The present report provides an overview of the main developments and debates in relation to migration and asylum in Luxembourg in 2018.
2018 was marked by the parliamentary elections in October 2018, which led to the renewal of the former Government coalition. The coalition agreement provides for a number of changes related to migration policies in Luxembourg.
The number of people seeking international protection remained high but relatively stable in 2018 compared to the previous two years. The refugee recognition rate has continued to increase. Many beneficiaries of international protection (BIP) remain in accommodation facilities for applicants for international protection (AIP) as they have difficulty finding housing in the private market or social housing. This in turn increases the pressure on accommodation facilities and it is one of the priorities of the national authorities, as reflected by the coalition agreement.
Reception and accommodation conditions for AIPs and BIPs have sparked a number of debates and reflections within civil society. They were discussed in most political party manifestos for the 2018 parliamentary elections. It should be noted that the new multi-annual National Action Plan on Integration (the Integration NAP) has these as central themes, the reception and management of AIPs is one of the two main areas of action. The Integration NAP is the result of a wide consultation process with the different stakeholders involved in the reception and integration of non-Luxembourg nationals. The Integration NAP provides a general, strategic and sustainable framework to firstly develop programmes and tools to promote the integration of all non-Luxembourgers residents in the country, and secondly, to promote social cohesion between Luxembourgers and non-Luxembourgers.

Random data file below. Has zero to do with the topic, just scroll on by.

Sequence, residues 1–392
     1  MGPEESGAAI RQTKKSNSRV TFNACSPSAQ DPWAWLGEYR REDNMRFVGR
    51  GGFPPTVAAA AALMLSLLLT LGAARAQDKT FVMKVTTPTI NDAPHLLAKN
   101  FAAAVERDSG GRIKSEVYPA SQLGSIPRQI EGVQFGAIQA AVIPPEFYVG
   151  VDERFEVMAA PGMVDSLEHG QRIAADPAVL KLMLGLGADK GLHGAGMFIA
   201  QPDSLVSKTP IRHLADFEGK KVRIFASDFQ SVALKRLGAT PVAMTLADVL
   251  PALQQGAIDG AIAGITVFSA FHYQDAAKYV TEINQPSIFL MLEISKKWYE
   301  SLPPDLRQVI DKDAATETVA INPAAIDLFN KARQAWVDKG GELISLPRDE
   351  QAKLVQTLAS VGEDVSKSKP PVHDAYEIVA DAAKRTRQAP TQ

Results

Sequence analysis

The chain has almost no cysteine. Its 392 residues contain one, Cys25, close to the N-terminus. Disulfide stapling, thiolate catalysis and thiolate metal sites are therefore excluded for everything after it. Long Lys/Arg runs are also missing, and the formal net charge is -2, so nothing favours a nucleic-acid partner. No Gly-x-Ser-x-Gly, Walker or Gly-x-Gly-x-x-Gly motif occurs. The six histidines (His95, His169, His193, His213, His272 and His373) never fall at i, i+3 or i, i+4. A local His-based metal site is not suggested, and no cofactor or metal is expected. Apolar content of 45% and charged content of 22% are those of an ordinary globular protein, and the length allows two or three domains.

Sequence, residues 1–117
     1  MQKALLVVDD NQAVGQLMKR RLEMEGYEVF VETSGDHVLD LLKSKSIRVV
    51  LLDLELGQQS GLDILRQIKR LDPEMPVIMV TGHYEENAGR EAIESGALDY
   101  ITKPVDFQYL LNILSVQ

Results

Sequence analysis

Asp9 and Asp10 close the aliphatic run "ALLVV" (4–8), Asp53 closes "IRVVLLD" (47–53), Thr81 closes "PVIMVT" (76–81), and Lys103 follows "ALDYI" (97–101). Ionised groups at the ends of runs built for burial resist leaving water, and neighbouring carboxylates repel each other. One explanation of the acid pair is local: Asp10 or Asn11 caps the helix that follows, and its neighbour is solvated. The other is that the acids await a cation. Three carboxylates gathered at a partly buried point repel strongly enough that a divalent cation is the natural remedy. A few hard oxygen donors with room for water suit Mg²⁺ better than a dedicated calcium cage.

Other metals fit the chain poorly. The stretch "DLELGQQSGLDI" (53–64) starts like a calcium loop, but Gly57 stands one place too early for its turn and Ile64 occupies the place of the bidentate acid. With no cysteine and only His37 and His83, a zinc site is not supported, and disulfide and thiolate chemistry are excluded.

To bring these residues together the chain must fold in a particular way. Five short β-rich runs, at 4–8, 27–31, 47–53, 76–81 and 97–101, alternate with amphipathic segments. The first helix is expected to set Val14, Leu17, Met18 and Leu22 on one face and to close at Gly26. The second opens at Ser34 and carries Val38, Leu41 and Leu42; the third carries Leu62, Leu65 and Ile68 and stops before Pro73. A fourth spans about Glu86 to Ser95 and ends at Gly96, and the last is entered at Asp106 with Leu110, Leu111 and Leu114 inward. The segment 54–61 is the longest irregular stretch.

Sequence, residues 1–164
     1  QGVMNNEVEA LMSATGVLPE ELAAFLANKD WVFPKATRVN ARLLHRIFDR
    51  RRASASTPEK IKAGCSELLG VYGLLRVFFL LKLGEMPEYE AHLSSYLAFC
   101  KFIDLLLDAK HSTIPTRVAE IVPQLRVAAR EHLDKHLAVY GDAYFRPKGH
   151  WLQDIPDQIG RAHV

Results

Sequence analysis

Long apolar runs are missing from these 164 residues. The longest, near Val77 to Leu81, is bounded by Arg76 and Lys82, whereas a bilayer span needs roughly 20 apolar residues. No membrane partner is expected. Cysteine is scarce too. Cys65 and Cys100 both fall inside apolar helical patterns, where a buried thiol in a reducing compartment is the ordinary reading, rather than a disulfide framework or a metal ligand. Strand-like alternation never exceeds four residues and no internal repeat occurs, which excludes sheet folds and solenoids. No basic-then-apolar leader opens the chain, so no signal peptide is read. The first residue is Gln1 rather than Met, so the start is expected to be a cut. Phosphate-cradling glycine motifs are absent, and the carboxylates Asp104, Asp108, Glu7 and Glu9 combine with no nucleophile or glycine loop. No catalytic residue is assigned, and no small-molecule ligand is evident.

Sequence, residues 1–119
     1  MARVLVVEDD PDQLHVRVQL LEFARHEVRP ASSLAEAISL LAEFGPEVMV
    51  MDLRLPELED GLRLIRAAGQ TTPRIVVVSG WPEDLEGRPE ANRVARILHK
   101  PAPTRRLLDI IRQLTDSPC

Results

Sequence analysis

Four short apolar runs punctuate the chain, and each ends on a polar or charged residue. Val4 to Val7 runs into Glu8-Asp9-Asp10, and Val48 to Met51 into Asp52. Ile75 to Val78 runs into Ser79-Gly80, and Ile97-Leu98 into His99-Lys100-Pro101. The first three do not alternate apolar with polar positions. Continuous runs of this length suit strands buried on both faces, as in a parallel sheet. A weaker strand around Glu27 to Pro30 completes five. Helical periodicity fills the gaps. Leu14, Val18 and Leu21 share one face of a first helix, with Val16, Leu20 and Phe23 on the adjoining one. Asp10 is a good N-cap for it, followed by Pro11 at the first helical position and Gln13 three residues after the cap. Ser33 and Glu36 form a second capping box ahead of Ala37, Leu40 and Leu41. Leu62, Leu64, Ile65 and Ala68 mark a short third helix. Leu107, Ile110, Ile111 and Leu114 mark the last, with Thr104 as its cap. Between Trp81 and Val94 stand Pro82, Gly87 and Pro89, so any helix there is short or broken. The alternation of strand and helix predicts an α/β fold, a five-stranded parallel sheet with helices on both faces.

Knowledge of Luxembourgish as an integration factor was another concern throughout the year. The Law of 20 July 2018 presents a number of measures to promote the Luxembourgish language. The objectives of the Luxembourgish language policy, are to support the use and study of Luxembourgish, encourage the learning of the Luxembourgish language and culture, and promote culture in the Luxembourgish language. Several bodies have been set up to implement this action plan. Most political parties, during the election campaign, emphasised the importance of the Luxembourgish language as an integration factor in their manifestos, while highlighting the advantage of multilingualism.
Finally, there are some changes to note in the return policy of Luxembourg. There were two proposals to amend the Immigration Law: one, which authorises the police to enter residential premises to enforce removal orders in the case of forced return; and a second one, which provides for systematic oversight by the courts of prolonged detention beyond the 4-month period. The new Government has stated that it is committed to improving the current detention system through the creation of a specific detention structure for women, families and vulnerable persons.